COVID-19 vaccines are safe. They prevent death and severe sickness from COVID-19.
Some social media users have been falsely claiming that the third dose of the Pfizer COVID-19 vaccine will kill those who haven't already died from the first two jabs.
The claim that COVID-19 vaccines are dangerous is part of an anti-vax narrative that has been debunked multiple times. Health organizations across the world have stated that COVID vaccines are safe.
On April 1, 2021, Pfizer CEO Albert Bourla said people would "likely" need a third dose of a COVID-19 vaccine within 12 months of getting vaccinated. "A likely scenario is that there will be likely a need for a third dose, somewhere between six and twelve months, and then from there, there will be an annual revaccination, but all of that needs to be confirmed," he told CNBC.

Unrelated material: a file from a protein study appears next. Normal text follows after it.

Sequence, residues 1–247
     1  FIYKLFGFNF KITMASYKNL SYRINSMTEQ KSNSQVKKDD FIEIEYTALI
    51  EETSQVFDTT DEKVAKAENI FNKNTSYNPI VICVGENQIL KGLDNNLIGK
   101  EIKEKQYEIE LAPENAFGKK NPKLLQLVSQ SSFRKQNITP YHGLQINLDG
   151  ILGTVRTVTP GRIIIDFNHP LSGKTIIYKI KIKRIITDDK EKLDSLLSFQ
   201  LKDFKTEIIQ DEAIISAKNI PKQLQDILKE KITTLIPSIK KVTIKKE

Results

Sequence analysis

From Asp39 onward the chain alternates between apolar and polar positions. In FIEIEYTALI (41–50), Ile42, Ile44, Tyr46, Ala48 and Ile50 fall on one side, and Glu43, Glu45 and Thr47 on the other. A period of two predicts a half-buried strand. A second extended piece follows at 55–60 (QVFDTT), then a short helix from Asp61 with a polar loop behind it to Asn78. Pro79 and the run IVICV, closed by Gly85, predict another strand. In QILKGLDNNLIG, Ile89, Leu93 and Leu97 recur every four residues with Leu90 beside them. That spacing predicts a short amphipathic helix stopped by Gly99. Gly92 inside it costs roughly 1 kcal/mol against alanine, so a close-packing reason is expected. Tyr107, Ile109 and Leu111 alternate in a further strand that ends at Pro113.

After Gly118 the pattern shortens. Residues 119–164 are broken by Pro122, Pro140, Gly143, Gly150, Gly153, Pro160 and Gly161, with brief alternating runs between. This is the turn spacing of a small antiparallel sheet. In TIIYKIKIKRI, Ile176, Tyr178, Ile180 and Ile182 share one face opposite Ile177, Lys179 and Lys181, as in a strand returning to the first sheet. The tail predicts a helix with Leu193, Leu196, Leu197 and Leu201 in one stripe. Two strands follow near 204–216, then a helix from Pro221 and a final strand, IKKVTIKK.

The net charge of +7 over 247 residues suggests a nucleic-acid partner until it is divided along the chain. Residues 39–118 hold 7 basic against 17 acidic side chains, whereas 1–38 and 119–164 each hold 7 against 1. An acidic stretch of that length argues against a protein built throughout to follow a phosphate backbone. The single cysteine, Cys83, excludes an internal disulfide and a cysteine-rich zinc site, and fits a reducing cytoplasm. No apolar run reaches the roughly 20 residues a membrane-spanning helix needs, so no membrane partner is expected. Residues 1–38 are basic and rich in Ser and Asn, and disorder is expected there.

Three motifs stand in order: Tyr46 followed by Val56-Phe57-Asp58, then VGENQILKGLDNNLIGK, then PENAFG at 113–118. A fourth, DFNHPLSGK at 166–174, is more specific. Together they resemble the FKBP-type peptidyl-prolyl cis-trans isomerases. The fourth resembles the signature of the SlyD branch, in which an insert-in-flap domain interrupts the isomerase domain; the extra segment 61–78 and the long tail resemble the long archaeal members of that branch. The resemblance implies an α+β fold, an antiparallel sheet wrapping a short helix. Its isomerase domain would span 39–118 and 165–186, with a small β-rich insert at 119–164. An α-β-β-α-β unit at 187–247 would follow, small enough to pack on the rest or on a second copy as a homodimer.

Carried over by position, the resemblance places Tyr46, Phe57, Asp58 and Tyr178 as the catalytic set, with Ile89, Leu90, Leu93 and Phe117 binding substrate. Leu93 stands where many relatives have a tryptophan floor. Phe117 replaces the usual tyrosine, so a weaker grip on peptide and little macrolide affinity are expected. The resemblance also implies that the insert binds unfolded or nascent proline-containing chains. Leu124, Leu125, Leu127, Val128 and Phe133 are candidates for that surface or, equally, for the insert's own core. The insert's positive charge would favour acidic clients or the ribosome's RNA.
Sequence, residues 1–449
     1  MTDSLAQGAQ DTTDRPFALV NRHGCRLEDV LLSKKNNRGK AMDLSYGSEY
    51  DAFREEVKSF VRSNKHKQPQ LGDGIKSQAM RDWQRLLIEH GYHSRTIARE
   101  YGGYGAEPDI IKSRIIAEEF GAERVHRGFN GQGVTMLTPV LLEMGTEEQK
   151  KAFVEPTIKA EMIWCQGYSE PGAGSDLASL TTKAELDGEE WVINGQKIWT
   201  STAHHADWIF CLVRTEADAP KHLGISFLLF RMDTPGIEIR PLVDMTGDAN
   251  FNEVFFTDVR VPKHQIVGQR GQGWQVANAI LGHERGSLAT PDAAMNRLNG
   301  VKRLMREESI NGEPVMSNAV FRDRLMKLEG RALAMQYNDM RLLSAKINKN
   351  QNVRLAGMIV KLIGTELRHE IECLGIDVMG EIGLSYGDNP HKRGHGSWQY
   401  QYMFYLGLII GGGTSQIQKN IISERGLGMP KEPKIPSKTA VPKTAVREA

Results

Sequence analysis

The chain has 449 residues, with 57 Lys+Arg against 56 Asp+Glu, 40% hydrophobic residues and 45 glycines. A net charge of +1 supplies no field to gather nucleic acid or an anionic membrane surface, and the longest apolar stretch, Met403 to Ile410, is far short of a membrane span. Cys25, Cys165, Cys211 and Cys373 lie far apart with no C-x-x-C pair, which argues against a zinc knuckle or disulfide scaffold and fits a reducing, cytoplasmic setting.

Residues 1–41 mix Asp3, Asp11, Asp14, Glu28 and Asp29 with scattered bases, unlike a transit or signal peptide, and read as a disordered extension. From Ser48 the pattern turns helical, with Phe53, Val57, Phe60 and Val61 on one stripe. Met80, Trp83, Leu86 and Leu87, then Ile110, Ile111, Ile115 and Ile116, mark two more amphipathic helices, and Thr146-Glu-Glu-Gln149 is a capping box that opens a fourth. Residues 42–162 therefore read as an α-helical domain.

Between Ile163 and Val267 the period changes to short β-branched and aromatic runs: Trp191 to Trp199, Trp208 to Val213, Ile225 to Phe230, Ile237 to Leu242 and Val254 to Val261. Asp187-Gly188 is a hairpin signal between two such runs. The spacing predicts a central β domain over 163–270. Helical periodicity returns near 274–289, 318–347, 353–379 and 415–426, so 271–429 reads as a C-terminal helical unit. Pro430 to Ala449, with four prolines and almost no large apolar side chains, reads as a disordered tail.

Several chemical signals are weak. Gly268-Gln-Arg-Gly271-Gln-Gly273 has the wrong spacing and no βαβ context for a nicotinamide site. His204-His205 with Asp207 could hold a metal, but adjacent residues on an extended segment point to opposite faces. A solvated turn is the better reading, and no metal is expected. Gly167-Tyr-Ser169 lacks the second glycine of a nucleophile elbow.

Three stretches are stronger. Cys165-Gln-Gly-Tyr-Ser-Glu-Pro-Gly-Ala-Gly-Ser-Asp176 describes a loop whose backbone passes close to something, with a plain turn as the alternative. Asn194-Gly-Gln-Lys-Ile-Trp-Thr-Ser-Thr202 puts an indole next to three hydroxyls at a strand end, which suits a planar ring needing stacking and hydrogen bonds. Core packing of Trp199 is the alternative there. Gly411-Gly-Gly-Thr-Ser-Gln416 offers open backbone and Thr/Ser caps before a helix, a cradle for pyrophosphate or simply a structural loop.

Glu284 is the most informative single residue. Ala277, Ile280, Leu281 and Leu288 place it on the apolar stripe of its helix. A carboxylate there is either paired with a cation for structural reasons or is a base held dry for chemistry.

A press note released by BioNTech on July 8 further claimed that Pfizer and BioNTech have "seen encouraging data in the ongoing booster trial of a third dose of the current BNT162b2 vaccine." The vaccine-maker asserted that the effect of its two-dose vaccine subsides over time, but that it offers lasting and robust protection against severe disease.
Booster shots are a subject of debate among scientists. A joint statement by the Centers for Disease Control and Prevention (CDC) and the U.S. Food and Drug Administration (FDA) said that people who are fully vaccinated "do not need a booster shot" at the moment. "If science demonstrates the need for booster doses, both CDC and FDA are ready for the same," it added.
On June 28, researchers from the University of Oxford reported that currently, there is no indication that a booster shot is needed. In the report published in the BMJ, a peer-reviewed medical trade journal, the researchers stressed that the "urgent priority" is to ensure that people get their first dose.
In short, though the FDA, CDC, and various researchers have not recommended a third Pfizer jab, it is highly incorrect to say that the vaccine's booster shot is lethal.
The COVID-19 pandemic has given rise to a lot of potentially dangerous misinformation. For reliable advice on COVID-19, including symptoms, prevention, and available treatment, please refer to the World Health Organization or your national healthcare authority.